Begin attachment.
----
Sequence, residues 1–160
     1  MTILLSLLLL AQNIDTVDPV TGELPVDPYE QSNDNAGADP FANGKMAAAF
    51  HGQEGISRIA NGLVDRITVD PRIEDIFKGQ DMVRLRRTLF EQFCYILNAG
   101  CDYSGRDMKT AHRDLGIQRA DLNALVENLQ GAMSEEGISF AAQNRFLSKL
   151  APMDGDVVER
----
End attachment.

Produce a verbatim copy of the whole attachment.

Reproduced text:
Sequence, residues 1–160
     1  MTILLSLLLL AQNIDTVDPV TGELPVDPYE QSNDNAGADP FANGKMAAAF
    51  HGQEGISRIA NGLVDRITVD PRIEDIFKGQ DMVRLRRTLF EQFCYILNAG
   101  CDYSGRDMKT AHRDLGIQRA DLNALVENLQ GAMSEEGISF AAQNRFLSKL
   151  APMDGDVVER